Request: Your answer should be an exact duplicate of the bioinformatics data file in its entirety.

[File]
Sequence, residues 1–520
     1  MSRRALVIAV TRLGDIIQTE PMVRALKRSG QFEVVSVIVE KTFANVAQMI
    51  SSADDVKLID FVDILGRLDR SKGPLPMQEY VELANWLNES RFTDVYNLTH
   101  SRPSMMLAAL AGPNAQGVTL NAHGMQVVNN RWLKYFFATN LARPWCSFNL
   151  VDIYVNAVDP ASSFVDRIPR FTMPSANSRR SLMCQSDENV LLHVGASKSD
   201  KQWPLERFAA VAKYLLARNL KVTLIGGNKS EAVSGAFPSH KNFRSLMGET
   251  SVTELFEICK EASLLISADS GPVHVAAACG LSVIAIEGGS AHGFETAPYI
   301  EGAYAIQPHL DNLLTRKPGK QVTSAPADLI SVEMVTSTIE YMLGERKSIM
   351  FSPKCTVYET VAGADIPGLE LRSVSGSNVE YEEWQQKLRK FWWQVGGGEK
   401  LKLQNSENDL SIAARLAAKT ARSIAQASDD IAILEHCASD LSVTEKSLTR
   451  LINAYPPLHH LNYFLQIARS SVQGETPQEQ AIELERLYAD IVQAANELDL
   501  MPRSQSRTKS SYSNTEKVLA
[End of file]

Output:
Sequence, residues 1–520
     1  MSRRALVIAV TRLGDIIQTE PMVRALKRSG QFEVVSVIVE KTFANVAQMI
    51  SSADDVKLID FVDILGRLDR SKGPLPMQEY VELANWLNES RFTDVYNLTH
   101  SRPSMMLAAL AGPNAQGVTL NAHGMQVVNN RWLKYFFATN LARPWCSFNL
   151  VDIYVNAVDP ASSFVDRIPR FTMPSANSRR SLMCQSDENV LLHVGASKSD
   201  KQWPLERFAA VAKYLLARNL KVTLIGGNKS EAVSGAFPSH KNFRSLMGET
   251  SVTELFEICK EASLLISADS GPVHVAAACG LSVIAIEGGS AHGFETAPYI
   301  EGAYAIQPHL DNLLTRKPGK QVTSAPADLI SVEMVTSTIE YMLGERKSIM
   351  FSPKCTVYET VAGADIPGLE LRSVSGSNVE YEEWQQKLRK FWWQVGGGEK
   401  LKLQNSENDL SIAARLAAKT ARSIAQASDD IAILEHCASD LSVTEKSLTR
   451  LINAYPPLHH LNYFLQIARS SVQGETPQEQ AIELERLYAD IVQAANELDL
   501  MPRSQSRTKS SYSNTEKVLA